Ancient Greek city of Ephesus

We awoke early in Selçuk the following morning after a pleasant stay at the Australian New Zealand guesthouse, run by a Turkish Australian man who had lived in Perth for eight years. Our first stop was the Aqueduct which then led us to the 6th century Basilica of St. John the Apostle which some believe, is built on the site of the Apostle’s tomb. It is believed that the Apostle John fled from Jerusalem to the city where he remained for the rest of his life, writing his gospels.  We spent some time wandering around the Basilica grounds – it was serene and peaceful with no other tourists around.  From the Basilica we could see the grand fortress of Selçuk on Ayasoluk Hill and the İsa Bey Mosque.

Byzantine AqueductRestored ruined pillars which supported the aqueductRestored ruined pillars which supported the aqueduct
Travis at the Gate of PersecutionRuins of Basilica of St. JohnRuins of Basilica of St. John
The Tomb of St. JohnIsa Bey MosqueSonya at the ruins of Basilica of St. John
The Tomb of St. JohnGrand fortress Ottoman castleLooking west across the interior of the Basilica of St. John

Ephesus was our next stop located about four kilometres from the city. When we arrived a few tour buses had already unloaded. We decided on opting for a guided tour and were approached by an English speaking guide, Volkan, who held the record for longest tour (51 days) in Turkey.  The history of the Ephesus site spans thousands of years, beginning in the Neolithic age (around 6000BC) across the Bronze, Dark ages, Hellenistic, Roman and Byzantine eras before being conquered during the Ottoman Period and abandoned.   Now, Ephesus contains the largest Roman ruins in the eastern Mediterranean and only 25% of the site had been excavated.

Highlights of Ephesus include the Library of Celsus, a façade of which has been carefully reconstructed from original pieces, the Theatre which has a 22,000 seating capacity, the outdoor/communal latrines which were also a key social area, The Temple of Hadrian, The Temple of Domitrian and the agora (market places).  After the tour we decided to also visit the recently excavated Roman apartments, the living compounds of where wealthy Romans lived. They were surprisingly spacious, bright and airy and beautifully decorated with mosaics covering walls and floors. The rooms were also huge and numerous.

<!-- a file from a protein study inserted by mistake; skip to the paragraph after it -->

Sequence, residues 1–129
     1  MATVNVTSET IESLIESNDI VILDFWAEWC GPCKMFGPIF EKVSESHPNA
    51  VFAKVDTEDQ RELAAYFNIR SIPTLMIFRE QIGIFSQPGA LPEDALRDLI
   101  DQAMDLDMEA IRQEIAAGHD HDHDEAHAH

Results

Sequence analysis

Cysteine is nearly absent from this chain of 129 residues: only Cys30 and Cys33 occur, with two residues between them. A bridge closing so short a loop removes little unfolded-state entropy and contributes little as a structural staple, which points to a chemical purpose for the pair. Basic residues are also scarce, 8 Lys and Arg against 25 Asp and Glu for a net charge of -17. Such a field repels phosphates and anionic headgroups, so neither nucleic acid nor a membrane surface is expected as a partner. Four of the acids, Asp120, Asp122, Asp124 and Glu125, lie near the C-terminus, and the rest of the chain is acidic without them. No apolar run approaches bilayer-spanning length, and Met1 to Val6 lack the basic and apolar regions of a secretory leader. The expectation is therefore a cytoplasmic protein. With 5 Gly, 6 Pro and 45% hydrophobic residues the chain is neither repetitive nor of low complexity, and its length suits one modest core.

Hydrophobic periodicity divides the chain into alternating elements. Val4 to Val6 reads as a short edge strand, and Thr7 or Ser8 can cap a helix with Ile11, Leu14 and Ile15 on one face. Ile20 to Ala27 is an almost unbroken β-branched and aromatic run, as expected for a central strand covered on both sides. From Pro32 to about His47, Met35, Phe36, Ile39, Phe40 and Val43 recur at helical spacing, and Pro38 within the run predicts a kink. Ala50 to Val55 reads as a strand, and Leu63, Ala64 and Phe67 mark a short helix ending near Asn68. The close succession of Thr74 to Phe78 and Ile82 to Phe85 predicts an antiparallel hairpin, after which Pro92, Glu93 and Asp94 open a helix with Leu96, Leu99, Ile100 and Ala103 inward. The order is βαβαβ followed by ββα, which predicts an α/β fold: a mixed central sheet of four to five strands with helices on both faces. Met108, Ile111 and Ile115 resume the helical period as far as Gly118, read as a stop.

Varius BathsOriginal Roman ceramic drainage pipesStoa of the State Agora
Gaius Memmius MemorialWinged Angel of VictoryLooking down Curetes Street towards the Library of Celsus
Curetes Street with the Library of Celsus in the backgroundSonya with Curetes Street in the backgroundSonya and the Gate of Hercules
Greek writing along Curetes StreetTrajan FountainStoa of Alytarches mosaics
Temple of HadrianRoman public latrineLibrary of Celsus
CrossSonya and the tour guide with a SarcophagusHadrian Gate
Ephesus Brothel AdvertInside the Great TheatreTravis and Sukey looking down the Arcadian Avenue
Sonya and Sukey looking down the Arcadian AvenueLooking down the Arcadian AvenueLooking up at the Great Theatre
Greek writing on stone blocksCat on ancient stone blocksLooking over Commercial Agora
Library of CelsusSophia Greek wisdomSukey and the Library of Celsus
Travis and the Library of CelsusLibrary of CelsusSonya and the Library of Celsus
Sonya inside Gate of Mazaeus and MithridatesPutting together the mosaics of the apartmentsClose-up of restored marble
Sukey and Sonya inside the Palaces on the SlopesRestoration worksTravis and Sonya inside the Palaces on the Slopes
Lion floor mosaics in the Palaces on the SlopesRestoration worksDionysus God of the Wine mosaic
Bird paintingNereid and Triton MosaicFloor mosaics in the Palaces on the Slopes
Travis and the Library of CelsusTravis and Sonya the Library of CelsusSonya and the Library of Celsus
Statue of Alexandros on Curetes StreetSukey and Sonya at Kahvalti RestaurantGozleme

After our morning in Ephesus we decided to taken on Voltron’s recommendation and visit one of the local restaurants nearby to the Seven Sleepers, for some Gözleme (pancakes / crepes) before heading off to our next stop, Pamukkale.